2. Sandra: I don't know how FaceBook handles requests from brands to hide their personal account, or whether they just let them have a FaceBook Fan Page without one. I do believe it happens. I will ask them, and if I get an answer, will post it here.

    As for your other question about privacy, there are some challenging questions all people must answer here. I am preparing a more in-depth post about this (be sure to subscribe so you don't miss it), but in the meantime, I have thoughts from the perspective of small and independent business owners.

    1. Privacy Is What You Make It. It's pretty clear that a business will be far less successful if it does not have an online presence, and in more than one place. Increasingly, those “places” are locations where you not only describe your products and make them easy for people to purchase securely, but where you also interact with them on a personal level. You draw this line wherever you want it by setting boundaries around what you share and what questions you answer.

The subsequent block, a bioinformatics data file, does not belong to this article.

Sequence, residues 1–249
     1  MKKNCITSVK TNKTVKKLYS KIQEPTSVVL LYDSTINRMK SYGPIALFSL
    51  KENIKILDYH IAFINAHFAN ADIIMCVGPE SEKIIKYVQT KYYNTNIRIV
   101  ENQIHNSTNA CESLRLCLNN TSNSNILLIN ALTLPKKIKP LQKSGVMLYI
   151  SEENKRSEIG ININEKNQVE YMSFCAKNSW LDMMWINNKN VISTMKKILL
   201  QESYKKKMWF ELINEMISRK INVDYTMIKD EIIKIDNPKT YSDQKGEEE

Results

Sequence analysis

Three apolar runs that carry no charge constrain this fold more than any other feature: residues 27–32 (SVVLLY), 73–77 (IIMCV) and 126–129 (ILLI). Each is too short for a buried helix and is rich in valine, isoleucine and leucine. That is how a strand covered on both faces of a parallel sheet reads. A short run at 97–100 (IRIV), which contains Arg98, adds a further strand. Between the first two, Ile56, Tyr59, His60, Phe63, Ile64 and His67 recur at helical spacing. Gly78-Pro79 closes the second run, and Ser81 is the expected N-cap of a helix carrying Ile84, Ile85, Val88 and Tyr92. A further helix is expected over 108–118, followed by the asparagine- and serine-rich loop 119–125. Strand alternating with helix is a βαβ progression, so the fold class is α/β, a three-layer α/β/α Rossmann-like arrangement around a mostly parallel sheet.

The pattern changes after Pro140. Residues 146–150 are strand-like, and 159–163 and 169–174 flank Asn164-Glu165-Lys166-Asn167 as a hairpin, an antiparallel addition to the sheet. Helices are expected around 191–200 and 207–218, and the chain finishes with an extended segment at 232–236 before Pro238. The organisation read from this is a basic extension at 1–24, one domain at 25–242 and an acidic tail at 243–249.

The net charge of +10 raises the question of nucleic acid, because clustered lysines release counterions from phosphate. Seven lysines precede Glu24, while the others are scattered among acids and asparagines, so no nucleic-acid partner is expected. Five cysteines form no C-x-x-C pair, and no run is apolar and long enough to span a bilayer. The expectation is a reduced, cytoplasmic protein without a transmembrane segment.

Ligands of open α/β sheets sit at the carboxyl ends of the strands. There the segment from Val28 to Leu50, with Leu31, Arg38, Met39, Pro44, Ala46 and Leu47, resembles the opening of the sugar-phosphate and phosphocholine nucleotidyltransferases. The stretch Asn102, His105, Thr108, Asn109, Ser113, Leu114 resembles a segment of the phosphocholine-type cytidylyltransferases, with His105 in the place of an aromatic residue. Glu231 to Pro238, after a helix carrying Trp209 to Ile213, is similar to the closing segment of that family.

2. Sharing Does Not Mean Compromising. You can share things about you and your life to allow your customers and prospects to get to know you a little, but you don't have to compromise your values and privacy. Don't share your political views. Don't share your religious views. Don't share your moral and/or ethical leanings. Don't accept everyone's friend requests. Tell people if they've asked a question you don't want to answer for privacy reasons. Finding this balance is different for everyone depending on what their business is and what they feel comfortable with as human beings.

    3. It's Not Black And White, and It's A Process. There are no easy, pat answers. There is a lot of gray and we have to remember that it's a process. It happens over time. If you say today, I will never post a photo of my child online, that's fine, but you may change your mind next year when you add toddler clothes to your line. That's just a quick and easy example, but you get my drift I hope. All of this requires us to continually analyze our lives, what we want from our of life and business and what we are willing to share with others in order to get what we want.